Then the trade broke that had most Jazz fans scratching their heads. What started out as an interest in Andrew Bogut (and hopefully Harrison Barnes or Klay Thompson) quickly turned into the duo of Andris Biedrins and Richard Jefferson. Huh? My initial reaction was that there was no way the Jazz just enabled a Western Conference opponent to better themselves at their expense. Then the details that filled out the trade began to trickle in. The Jazz received two unprotected first round picks and multiple 2nd round picks. They also added an additional player (Brandon Rush) that may fill a substantial team need, but whose health is still to be determined.

This move allows the Jazz to accomplish a few other things:

  • It allows the team meet the minimum salary requirements without overspending for a player whose contract may handcuff them in the years to come.
  • It will maximize the amount of time the young players will get if they can keep themselves on the court. Ty won’t have the game management considerations that he admittedly had to take into consideration last year.
  • This move allowed the Jazz to acquire multiple draft picks, which is still the most viable way for this franchise to continue to acquire talent.
  • Lindsey’s ability to get Golden State to give up what they did is a reminder that a long term vision is needed to be successful. I think in the end, Golden State will regret conceding so much in this trade.
  • Without the presence of a dominant veteran figure, the desire for leadership to emerge from the young core is not only expected, it will be necessary (I’m convinced this will end up being a hybrid of Burke/Hayward next season).
  • Most importantly, the financial flexibility reinforces a commitment to the youth movement in that it gives the Jazz an opportunity to keep guys like Burke, Favors, Kanter and Hayward around for as long as possible. There is no one on the market who is available now that I’d rather have long term than any of the four players I just mentioned.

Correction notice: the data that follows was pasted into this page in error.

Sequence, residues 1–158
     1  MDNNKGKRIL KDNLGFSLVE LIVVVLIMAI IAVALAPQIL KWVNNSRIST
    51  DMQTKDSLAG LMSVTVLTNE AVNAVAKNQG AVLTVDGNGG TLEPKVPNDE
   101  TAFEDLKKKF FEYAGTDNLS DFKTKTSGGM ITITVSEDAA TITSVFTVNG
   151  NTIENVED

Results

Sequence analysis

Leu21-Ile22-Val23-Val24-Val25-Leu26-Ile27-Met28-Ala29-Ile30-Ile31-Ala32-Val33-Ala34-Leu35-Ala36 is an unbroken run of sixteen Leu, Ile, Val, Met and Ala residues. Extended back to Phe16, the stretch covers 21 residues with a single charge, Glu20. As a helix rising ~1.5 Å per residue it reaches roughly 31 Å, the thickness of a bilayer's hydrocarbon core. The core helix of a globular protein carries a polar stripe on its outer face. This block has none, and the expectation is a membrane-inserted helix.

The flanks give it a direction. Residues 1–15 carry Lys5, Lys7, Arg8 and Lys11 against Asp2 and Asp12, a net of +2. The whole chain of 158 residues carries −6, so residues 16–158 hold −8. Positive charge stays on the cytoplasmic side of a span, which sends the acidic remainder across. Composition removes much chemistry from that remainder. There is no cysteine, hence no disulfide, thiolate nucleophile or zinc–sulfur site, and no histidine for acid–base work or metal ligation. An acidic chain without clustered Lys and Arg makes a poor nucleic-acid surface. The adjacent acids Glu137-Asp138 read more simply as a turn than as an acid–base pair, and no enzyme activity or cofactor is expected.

Conclusion: So far, Dennis Lindsey has indicated that the Jazz wanted to be aggressive on draft day. They were. He indicated there were no skipping steps in the rebuilding process, and the trade with the Golden State Warriors is evidence that this process is well under way. Jazz fans should be excited about the youth movement, even if it means more L’s than W’s in 2013-2014. Lindsey has spoken about ‘financial flexibility’ to anyone who asks him about the teams’ long term success. It’s an asset that, once invested, can take years to show returns. There are no guarantees, but if this means that for the next 10+ years Jazz fans are treated to the finished product that is often imagined with the young guys, that will truly be the gift that every Jazz fan wants.

Mario Alejandre

Mario Alejandre is a proud alumni of both the University of Utah and Biola University in La Mirada, California. During the day he works as a Case Administrator for the Federal Courts is Salt Lake City. In his spare time, he teaches two classes at his local church and writes for other blogs on matters of faith, and pop culture. His love for music and movies often finds its way into his work. He is the husband to his incomparable wife, Tera. Together, they share of love of the Utah Jazz that they are passing on to their two children. Mario enjoys exploring the intersection of sports with other aspects of life (philosophy, sociology, and identity to name three) and believes they make for important discussions. Don't worry, it's not always as serious as it sounds.

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  1. Rory says:

    I am liking the direction the Jazz are moving in!! I love the re-building while there is a lot of young talent on the roster. Plus they will have the ammo if necessary to be aggressive in the 2014 draft to get the player that they want if they aren’t already in the top 5 of the draft. Looking a lot like the Spurs did before Timmy came to town except our coach is TERRIBLE!!!!!